IAM requires at least Python-Cloudant version 2.9.0 and for whatever reason the version had in our requirements was 2.3.1. Problem solved. Connection finally established.
And then the next problem came flying along. When updating a file:
409 Client Error: Conclict document update at document.save()
What? OK. More reading up to do. Went and read through this article:
This didn’t bring us much further, but it seemed to be better to use document.updatefield() rather than trying to go directly into the DB, in order to avoid simultaneous calls.

How to sort data in CloudantDB
Three SQL programmers went into a NO-SQL bar.
They came back out after five minutes because they couldn’t find a table.

In Cloudant data is stored in completely independent documents. This makes everything more flexible, but also very cluttered and difficult to differentiate when reading. Without any kind of sorting, all data needs to be searched for a specific ID.
For our project we needed the following data structures:

We had to differenciate between users and game sessions. How could we accomplish this in Cloudant?

Use views?
A view makes a query quick and easy. But anytime a document gets updated, so does the whole view, which is counterproductive with big data sets.

We found out, one can create a partitioned DB in Cloudant, whereby naming the ids as follows:

In our case:
games:gameID123 and users:userAbc

This way one can add the partition to the queries, resulting in much better search performance. And also the DB looks a lot tidier.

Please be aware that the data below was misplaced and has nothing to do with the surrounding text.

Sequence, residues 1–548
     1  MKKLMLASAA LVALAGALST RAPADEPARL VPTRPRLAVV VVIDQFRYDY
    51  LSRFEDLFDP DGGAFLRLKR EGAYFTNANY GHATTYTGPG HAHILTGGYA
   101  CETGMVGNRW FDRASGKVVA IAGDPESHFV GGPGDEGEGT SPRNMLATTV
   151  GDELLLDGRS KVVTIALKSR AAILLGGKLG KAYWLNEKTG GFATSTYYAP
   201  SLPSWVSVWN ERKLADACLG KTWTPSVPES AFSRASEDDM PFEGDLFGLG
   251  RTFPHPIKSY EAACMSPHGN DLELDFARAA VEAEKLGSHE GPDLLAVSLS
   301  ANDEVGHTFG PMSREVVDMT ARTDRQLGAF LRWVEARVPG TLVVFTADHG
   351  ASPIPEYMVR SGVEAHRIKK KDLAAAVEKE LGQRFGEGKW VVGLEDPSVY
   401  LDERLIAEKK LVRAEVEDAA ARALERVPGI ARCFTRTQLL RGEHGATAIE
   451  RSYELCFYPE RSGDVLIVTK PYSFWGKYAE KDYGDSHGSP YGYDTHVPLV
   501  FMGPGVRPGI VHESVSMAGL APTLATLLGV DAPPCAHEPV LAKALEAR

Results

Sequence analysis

Search query example:

And that was that.

AppID – The “simple” user login service for web apps

IBM offers a nice little web app called AppID. Easy to integrate. Made for the cloud. Great security features. Easy, right? Well, they have all the code you need for Java or node.js. But not Python. So, a few more lines of code, research and effort. How hard can it be?
AppID is based on OIDC (OpenID Connect). Since we used Python we needed to fall back on Flask-pyoidc. This module is a OIDC client for Python and the Flask framework which interacts with AppID for authentication.

Configuring the OpenID Connect Client

The metadata in “appIDinfo” serves as input for configuring the OIDC client.

Securing Web Routes
After configuration the OpenID client can be used to secure single pages or sections (“Routes”) of the web-app. This is achieved by attaching a decorator to the rout definition:

“@auth.oidc_auth” ensures that the code only gets executed for authenticated users.

The first problems with using AppID already arose with establishing a connection. First we tried connecting with a direct approach via the create button, which show a connection in the browser, but not when pushing the app to the cloud. So, we created the service again directly in the project via the command line. And voila. The next test push got a connection.

Creating an instance of the AppID service
We connected to “ibmcloud resource service-instance-create connect4AppID appid lite eu-gb”. After that an alias of the service instance is created in Cloud Foundry. Then we had “ibmcloud resource service-alias-create connect4AppID –instance name connect4AppID